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Probing and Visualizing Quantum State Coupling Between Single Molecules


Single atoms and molecules represent the ultimate spatial limit of chemistry and device fabrication. Scanning probe microscopy remains a central tool in atomic-scale research due to its unparalleled spatial resolution and versatility. Recent advances in this field have seen the use of single molecules attached to the scanning tip as sensing devices capable of detecting short range electrostatic fields, van der Waals attractive forces and short-range repulsive Coulomb or Pauli forces. However, it is also possible for the quantum states of the scanned molecule sensor to couple with the quantum states of adsorbates, potentially leading to novel physics which can be probed continuously at sub-nanometer scales.

In this dissertation we demonstrate the ability to visualize quantum state coupling between a scanning single molecule tip and other molecules adsorbed on metal surfaces. To highlight the sensitivity of single molecules to their local environment, inelastic electron tunneling spectroscopy is used to study the overtone vibrations of carbon monoxide molecules in different adsorption sites, revealing site-dependent anisotropies and anharmonicities. Next, the mechanical coupling of quantum vibration states of a CO molecule attached to an STM tip with another CO adsorbed on the surface is shown to be sensitively dependent on lateral intermolecular distance and reveals new information about the force fields experienced by the surface adsorbate. In this way the anisotropy of the adsorbate’s lateral confinement potential is visualized for the first time.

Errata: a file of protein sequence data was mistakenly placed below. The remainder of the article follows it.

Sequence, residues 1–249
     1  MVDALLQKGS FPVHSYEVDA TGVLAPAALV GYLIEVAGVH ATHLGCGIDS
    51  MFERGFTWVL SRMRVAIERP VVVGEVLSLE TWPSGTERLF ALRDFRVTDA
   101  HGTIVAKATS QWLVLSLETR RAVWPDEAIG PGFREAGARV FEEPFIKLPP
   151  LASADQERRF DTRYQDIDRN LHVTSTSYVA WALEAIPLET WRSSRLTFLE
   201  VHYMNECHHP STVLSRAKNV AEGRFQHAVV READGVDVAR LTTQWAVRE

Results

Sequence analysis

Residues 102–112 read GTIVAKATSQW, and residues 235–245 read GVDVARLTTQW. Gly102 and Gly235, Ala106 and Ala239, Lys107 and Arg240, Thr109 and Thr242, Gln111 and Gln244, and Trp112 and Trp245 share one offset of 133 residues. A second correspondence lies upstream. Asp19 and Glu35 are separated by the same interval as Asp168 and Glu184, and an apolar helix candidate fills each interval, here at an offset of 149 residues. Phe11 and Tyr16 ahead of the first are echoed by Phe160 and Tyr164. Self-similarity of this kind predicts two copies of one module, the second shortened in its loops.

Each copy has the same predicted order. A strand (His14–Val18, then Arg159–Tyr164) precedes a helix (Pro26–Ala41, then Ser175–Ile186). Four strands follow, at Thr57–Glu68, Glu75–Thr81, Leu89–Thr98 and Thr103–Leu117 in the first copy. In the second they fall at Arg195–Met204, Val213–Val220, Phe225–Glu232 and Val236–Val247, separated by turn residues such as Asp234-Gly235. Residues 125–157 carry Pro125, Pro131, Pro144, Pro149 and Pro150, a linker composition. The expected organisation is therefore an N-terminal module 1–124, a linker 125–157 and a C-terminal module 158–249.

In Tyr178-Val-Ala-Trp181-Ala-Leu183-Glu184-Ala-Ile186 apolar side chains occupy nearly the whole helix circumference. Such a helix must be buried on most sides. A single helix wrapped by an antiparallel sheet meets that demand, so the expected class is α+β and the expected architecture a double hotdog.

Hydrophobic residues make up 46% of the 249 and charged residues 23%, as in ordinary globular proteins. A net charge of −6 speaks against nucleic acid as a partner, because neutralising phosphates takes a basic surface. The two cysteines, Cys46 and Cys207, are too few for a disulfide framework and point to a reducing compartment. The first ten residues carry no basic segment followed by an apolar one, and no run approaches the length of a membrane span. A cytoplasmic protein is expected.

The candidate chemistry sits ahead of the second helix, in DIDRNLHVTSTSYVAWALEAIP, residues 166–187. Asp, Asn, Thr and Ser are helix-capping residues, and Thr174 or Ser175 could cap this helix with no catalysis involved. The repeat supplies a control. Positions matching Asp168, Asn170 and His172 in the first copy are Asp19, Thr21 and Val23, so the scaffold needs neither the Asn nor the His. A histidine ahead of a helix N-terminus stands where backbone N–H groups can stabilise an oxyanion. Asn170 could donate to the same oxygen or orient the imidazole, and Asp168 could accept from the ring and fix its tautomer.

Going further, we then extend the sensing capabilities of single molecule scanned probes to the detection of spin densities on the surface. A single nickelocene molecule adsorbed on the tip is used to initiate and continuously tune superexchange interactions with another magnetic adsorbate. We then show that the spin-spin coupling can be visualized in real space through imaging, demonstrating the ability of a single molecule sensor to function as a magnetometer. Finally, we show that inelastic scattering of tunneling electrons can be used to excite single nickelocene molecules to combined spin-vibration excited states, providing a route toward the later study of spin-vibration coupling.

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